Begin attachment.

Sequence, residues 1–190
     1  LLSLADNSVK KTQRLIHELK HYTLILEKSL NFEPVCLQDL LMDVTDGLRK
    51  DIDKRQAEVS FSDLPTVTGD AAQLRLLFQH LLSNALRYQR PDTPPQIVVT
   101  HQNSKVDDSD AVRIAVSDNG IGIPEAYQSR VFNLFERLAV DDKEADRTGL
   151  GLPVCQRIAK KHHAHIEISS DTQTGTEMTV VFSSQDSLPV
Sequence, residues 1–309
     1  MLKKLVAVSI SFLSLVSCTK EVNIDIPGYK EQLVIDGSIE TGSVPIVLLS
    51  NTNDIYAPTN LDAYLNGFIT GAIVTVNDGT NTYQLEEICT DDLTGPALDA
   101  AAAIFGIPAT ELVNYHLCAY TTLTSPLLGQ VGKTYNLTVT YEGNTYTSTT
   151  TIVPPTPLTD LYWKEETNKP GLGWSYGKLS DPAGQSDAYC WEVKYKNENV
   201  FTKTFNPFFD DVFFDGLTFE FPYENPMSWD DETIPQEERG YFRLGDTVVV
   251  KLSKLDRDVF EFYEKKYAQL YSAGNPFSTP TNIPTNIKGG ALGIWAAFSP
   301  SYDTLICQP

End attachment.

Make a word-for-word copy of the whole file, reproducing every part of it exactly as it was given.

Sequence, residues 1–190
     1  LLSLADNSVK KTQRLIHELK HYTLILEKSL NFEPVCLQDL LMDVTDGLRK
    51  DIDKRQAEVS FSDLPTVTGD AAQLRLLFQH LLSNALRYQR PDTPPQIVVT
   101  HQNSKVDDSD AVRIAVSDNG IGIPEAYQSR VFNLFERLAV DDKEADRTGL
   151  GLPVCQRIAK KHHAHIEISS DTQTGTEMTV VFSSQDSLPV
Sequence, residues 1–309
     1  MLKKLVAVSI SFLSLVSCTK EVNIDIPGYK EQLVIDGSIE TGSVPIVLLS
    51  NTNDIYAPTN LDAYLNGFIT GAIVTVNDGT NTYQLEEICT DDLTGPALDA
   101  AAAIFGIPAT ELVNYHLCAY TTLTSPLLGQ VGKTYNLTVT YEGNTYTSTT
   151  TIVPPTPLTD LYWKEETNKP GLGWSYGKLS DPAGQSDAYC WEVKYKNENV
   201  FTKTFNPFFD DVFFDGLTFE FPYENPMSWD DETIPQEERG YFRLGDTVVV
   251  KLSKLDRDVF EFYEKKYAQL YSAGNPFSTP TNIPTNIKGG ALGIWAAFSP
   301  SYDTLICQP